noun, plural i·vies.
Origin of ivy
Examples from the Web for ivy
Contemporary Examples of ivy
From the religious (‘The Holly and the Ivy’) to the secular (‘The Chipmunk Song’), my top 20.Yes, I Like Christmas Music. Stop Laughing.
December 24, 2014
In Confessions of an Ivy League Frat Boy, the self-induced, self-absorbed Greek tragedy of Andrew Lohse.An Ivy League Frat Boy’s Shallow Repentance
November 24, 2014
Ironically enough this madrassa is run mostly by Ivy League-educated Jews.How Aasif Mandvi Became Jon Stewart’s Favorite Jihadi
November 16, 2014
Dear White People takes place on the predominantly white campus of a fictional college with an Ivy League-leaning legacy.‘Dear White People’ Is the Race Movie America Didn’t Know It Needed
October 17, 2014
The Ivy League and other top schools are producing no more than ‘excellent sheep,’ says William Deresiewicz.The Elite American College Pile-On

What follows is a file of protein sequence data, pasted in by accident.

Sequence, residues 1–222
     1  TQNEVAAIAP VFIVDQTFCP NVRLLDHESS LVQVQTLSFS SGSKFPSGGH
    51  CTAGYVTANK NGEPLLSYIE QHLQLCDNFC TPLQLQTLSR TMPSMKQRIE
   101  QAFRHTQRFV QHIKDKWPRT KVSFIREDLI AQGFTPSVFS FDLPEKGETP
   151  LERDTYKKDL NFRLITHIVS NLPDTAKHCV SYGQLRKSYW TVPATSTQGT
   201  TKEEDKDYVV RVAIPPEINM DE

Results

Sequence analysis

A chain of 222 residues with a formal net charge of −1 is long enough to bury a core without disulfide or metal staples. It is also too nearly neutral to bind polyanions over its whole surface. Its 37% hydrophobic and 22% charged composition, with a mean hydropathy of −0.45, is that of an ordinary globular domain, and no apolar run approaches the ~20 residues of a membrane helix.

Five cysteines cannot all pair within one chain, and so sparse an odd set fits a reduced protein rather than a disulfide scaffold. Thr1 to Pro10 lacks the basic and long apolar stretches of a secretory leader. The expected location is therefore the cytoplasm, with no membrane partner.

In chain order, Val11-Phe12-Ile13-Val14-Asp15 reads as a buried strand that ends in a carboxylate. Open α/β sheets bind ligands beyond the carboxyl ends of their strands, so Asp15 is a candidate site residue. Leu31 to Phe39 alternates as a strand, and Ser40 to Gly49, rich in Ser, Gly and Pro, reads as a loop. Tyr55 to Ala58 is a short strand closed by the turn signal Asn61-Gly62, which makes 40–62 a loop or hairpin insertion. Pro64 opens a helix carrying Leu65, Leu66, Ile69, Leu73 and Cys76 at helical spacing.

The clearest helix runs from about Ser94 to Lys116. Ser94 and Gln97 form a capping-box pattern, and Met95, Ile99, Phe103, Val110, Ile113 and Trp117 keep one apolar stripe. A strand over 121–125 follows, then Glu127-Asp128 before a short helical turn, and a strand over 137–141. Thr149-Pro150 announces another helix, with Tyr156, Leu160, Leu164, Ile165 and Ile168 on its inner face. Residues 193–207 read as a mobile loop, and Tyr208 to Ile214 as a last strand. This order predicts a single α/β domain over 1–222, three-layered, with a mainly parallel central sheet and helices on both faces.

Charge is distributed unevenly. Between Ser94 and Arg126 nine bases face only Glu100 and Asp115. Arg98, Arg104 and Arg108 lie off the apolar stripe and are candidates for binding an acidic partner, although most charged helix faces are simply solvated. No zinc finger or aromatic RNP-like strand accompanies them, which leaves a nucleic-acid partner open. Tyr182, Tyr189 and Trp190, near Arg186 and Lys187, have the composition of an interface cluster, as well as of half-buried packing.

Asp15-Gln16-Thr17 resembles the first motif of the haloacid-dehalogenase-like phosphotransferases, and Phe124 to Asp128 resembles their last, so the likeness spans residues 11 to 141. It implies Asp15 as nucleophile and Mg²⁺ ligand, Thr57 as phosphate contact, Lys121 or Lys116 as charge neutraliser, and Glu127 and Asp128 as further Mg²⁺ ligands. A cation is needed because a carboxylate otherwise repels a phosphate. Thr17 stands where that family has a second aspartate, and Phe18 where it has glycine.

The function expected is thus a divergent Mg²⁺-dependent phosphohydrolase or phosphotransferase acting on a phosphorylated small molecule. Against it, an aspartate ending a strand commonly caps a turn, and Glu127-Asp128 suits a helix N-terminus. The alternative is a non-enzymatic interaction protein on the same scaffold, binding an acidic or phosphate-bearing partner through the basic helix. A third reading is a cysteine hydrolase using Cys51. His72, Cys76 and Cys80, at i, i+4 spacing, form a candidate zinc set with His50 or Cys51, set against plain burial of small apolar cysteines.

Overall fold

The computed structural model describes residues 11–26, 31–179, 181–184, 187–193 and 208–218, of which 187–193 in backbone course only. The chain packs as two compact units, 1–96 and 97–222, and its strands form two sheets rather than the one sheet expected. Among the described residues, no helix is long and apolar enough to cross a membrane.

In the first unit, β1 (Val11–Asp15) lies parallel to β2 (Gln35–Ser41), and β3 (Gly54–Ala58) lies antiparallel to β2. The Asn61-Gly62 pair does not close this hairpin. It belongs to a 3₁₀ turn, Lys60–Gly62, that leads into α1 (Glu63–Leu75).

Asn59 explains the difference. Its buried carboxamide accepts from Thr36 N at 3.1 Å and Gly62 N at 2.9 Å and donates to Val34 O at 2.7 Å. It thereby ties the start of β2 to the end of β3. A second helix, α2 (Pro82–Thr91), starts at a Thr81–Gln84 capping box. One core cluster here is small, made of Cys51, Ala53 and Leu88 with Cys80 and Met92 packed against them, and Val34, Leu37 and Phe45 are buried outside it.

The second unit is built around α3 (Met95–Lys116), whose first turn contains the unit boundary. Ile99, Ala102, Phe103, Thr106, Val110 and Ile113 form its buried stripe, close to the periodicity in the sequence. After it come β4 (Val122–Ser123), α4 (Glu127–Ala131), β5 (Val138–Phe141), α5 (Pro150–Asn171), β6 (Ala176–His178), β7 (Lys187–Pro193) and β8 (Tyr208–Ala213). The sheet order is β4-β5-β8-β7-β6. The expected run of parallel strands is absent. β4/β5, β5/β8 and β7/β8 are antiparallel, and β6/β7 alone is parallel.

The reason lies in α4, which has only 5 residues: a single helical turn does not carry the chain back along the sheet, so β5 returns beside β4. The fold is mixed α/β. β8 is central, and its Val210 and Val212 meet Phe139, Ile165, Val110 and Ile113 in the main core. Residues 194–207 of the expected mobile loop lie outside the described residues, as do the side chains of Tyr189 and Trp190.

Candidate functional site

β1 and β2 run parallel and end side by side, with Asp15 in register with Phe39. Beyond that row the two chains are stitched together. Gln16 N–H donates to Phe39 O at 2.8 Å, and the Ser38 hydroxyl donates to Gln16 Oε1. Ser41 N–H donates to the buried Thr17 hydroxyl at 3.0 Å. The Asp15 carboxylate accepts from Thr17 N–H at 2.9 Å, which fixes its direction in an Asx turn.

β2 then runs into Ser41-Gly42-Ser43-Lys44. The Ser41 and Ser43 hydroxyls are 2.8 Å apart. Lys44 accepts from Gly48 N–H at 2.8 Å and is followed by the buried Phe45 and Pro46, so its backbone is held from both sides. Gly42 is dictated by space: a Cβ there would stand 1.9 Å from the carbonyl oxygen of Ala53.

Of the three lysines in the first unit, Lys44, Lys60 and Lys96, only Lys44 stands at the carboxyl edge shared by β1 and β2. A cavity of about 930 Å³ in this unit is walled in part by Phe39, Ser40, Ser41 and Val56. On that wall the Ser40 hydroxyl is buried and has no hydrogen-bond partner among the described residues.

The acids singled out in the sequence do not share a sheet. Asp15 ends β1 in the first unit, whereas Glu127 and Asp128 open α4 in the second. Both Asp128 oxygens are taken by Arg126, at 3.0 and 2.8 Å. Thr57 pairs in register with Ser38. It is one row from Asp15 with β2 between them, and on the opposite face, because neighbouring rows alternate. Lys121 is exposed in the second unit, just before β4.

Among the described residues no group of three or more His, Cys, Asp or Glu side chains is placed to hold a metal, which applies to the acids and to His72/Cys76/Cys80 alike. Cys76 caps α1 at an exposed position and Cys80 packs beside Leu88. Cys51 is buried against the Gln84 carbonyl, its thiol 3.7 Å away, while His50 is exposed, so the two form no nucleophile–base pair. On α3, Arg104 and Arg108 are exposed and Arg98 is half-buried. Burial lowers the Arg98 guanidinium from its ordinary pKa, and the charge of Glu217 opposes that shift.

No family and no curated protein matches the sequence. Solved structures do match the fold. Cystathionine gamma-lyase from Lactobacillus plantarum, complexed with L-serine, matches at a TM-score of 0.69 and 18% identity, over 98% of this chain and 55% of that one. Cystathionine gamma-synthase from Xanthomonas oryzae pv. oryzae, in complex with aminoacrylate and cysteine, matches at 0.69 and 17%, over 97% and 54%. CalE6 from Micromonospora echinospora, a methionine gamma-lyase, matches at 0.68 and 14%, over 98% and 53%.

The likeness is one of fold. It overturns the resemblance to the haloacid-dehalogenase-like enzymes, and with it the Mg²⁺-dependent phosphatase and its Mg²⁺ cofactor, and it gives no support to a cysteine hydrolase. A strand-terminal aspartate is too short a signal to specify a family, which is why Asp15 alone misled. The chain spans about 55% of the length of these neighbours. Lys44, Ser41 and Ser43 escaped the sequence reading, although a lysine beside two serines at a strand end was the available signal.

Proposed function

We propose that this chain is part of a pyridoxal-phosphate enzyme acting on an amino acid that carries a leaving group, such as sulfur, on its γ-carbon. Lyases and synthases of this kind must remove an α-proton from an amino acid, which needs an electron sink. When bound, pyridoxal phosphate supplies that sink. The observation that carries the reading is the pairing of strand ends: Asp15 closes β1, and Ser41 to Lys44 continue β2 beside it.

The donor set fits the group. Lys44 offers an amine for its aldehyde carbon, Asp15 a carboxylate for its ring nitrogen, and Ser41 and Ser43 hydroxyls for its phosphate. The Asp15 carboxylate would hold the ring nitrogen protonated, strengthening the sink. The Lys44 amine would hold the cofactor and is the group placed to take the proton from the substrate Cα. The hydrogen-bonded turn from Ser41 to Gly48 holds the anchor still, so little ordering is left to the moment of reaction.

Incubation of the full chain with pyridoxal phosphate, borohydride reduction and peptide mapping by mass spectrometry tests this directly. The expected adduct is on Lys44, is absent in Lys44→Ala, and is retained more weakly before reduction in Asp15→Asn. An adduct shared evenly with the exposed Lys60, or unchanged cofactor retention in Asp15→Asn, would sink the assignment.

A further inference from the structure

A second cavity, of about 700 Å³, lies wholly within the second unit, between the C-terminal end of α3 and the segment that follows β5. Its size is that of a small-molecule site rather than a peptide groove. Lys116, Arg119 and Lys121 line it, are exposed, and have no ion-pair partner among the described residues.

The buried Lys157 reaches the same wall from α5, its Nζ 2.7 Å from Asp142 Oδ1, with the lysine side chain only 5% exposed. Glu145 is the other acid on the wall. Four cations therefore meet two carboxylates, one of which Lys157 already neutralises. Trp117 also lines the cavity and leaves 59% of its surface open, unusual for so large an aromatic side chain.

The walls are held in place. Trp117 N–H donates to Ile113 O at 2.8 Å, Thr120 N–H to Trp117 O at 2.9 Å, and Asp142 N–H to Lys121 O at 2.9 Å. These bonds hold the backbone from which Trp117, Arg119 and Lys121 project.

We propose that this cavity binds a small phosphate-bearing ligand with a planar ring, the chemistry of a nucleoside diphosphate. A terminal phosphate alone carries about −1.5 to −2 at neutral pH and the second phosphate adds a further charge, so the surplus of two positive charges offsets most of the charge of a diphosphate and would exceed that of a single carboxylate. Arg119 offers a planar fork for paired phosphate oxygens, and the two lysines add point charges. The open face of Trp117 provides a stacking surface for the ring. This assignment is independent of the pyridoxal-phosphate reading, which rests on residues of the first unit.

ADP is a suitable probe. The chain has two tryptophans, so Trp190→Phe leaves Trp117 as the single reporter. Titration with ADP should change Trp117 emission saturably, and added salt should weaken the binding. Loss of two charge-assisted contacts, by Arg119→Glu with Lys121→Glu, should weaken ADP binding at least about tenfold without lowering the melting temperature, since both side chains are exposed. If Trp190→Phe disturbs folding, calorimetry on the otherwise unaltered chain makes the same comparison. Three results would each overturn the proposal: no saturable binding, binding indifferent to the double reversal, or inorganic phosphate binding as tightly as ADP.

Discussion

Michael S. Roth
September 15, 2014
Historical Examples of ivy
The ivy heard them, and she loved the oak-tree more and more.A Little Book of Profitable Tales
Since then the ivy has grown over them to hide their nakedness.English Villages
P. H. Ditchfield
There it is, see—that grey building yonder, with its windows all smothered in ivy.'Abbe Mouret's Transgression
This kind of garland is made also of ivy, with small red balls.
Ivy's face is all puckered, as if she were on the point of tears.A Bit O' Love (Fourth Series Plays)
noun plural ivies
Word Origin for ivy
Old English ifig, from West Germanic *ibakhs (cf. Middle Low German iflof, Dutch eiloof, Old High German ebahewi, German Efeu), of unknown origin; the second element in the Old High German word might be "hay."
Ivy bush as a sign of a tavern where wine is served is attested from mid-15c. Ivy League, inspired by the notion of old, ivy-coated walls, dates to 1933 (perhaps originally in reference to football; it consists of Brown, Columbia, Cornell, Dartmouth, Harvard, Pennsylvania, Princeton, and Yale).